Dan in Real Life

Joe says:

I wasn’t even INTERESTED in seeing this movie; I had to go for a class. Sure, I could’ve seen anything for that paper, but I was at the mall at noon, and that was the only thing starting right then.

Dan (Steve Carell, who normally I find to be very funny) was the protagonist – a newspaper columnist who writes advice for family life issues despite his household being a train wreck in slow motion. The wife is dead and the daughters are (mostly) moody teenagers. Cue the obvious irony.

For some reason completely unknown to me, they all go up the east coast to the grandparents’ house. The entire living family seems to have assembled at thisdaninreallife.gif clusterfu—I mean, family reunion, but on the way there, Dan meets a woman, Marie (Juliette Binoche) in a book store and there is instant chemistry. They have to part, but they soon meet up again – at the house. Marie is his brother Mitch’s (Dane Cook) new girlfriend, unbeknownst to Dan before. The balance of the movie isn’t even a competition for her; it’s more just Dan slowly breaking down watching his brother’s relationship with his crush bloom and there’s not a damn thing he can do about it.

I was bothered by this movie, and by more than the moderately-creative forbidden love story that couldn’t be resolved without a battle royale climax. I sat through this film wondering WHO THE HELL ACTUALLY HAS A FAMILY LIKE THIS? They all gather at the big house, do aerobics, have talent shows, play touch football, and have crossword puzzle competitions for what I can only assume was a period of longer than a week? What out-of-touch idiot thought this would be a realistic view on the American family? Of all the things that left a bad taste in my mouth about this movie, it was them. Who the hell are these people, and why do they think this is normal?

The daughters were mostly annoying as well. One of them basically spends the whole movie trying to jump some 16-year-old guy’s bones or however the hell old he was, and when daddy said no, she whined and pouted and kicked and screamed yada yada yada. OK, we get the point; he’s your quasi-boyfriend and that’s adorable, but shut the hell up.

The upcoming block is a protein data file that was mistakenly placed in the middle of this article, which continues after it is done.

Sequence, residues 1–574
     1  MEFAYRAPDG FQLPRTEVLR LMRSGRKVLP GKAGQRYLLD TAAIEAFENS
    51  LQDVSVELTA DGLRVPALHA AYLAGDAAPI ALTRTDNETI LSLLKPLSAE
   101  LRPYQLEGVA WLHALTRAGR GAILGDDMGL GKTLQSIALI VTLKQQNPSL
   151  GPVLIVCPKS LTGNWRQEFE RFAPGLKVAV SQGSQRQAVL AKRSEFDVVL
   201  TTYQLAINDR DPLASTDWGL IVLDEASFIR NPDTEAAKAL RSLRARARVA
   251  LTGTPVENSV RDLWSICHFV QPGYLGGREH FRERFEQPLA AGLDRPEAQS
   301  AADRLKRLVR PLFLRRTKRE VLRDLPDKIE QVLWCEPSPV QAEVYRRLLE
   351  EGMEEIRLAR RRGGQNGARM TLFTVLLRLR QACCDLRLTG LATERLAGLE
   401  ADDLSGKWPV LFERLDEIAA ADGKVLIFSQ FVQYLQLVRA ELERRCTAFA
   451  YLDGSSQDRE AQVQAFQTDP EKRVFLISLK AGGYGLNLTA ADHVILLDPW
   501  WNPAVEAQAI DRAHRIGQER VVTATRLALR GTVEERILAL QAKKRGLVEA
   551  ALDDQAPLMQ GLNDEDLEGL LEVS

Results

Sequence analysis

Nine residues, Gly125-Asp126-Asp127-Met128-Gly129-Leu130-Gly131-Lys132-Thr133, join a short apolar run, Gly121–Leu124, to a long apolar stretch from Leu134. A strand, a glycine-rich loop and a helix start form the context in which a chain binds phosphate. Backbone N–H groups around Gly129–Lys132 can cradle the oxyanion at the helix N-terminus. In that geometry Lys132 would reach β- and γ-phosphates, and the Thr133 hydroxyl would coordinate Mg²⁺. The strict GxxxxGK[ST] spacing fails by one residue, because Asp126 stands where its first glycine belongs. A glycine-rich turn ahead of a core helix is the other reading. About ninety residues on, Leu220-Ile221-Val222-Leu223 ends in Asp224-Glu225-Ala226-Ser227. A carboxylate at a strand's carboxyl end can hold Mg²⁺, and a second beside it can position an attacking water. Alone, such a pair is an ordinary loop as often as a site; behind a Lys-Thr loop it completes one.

Dan is a pretty bad father, which is evident throughout the first 90% of the movie, and it bothered me mildly about how long it took him to realize it. It was almost hard to watch some of these scenes where he’s totally bombing with his daughters, because it’s all just arguing.

The climax and resolution of the love triangle were unsatisfying because they were fairly inconclusive. In fact, the whole plot was, too. There was a lot of boring fluff and pointless interaction in between events that actually moved the story forward. We don’t know how things actually end up, but Dan and Mitch hate each other and Marie flees, but Dan goes to find her, while Every Family USA pretty much just watches and hopes that it doesn’t interfere with their afternoon board game tournament of champions. Not really a happy ending.

It was half good and half bad – meh, if you will. I can tell that someone actually gave a damn somewhere along the line, the acting was decent, and parts were mildly amusing. The characters are mostly cloying and unlikable and a sizable majority of the plot was lame. Its overall message of “love conquers all” is cute but didn’t really do anything for me. Don’t be fooled into thinking that because Steve Carell is in it that it’s a comedy; it’s a romanticomedrama (if no one else has come up with this word, I am hereby copyrighting it as my own personal intellectual property). There’s nothing special or particularly memorable about the movie other than how far removed from mainstream America the family is.

In other news, Dane Cook was surprisingly decent.

Added: Now the commercials for the DVD/Blu-ray release of this movie are trying very hard to portray it as a comedy. Most of it really wasn’t funny at all, and a lot of the scenes being used weren’t humorous in their original contexts. For example, when Mitch assaults Dan in the bowling alley, that WASN’T supposed to bring out laughter…he was pissed off that his brother stole his girlfriend and it was highly emotional. And the irritating “you’re a murderer of love!” screeching wasn’t comical, even if it was intended to be. For their false advertising in trying to pass off a romanticomedrama as a Steve Carell schtickfest, I am deducting 5 points from my original review score of 50.

Grade: 45


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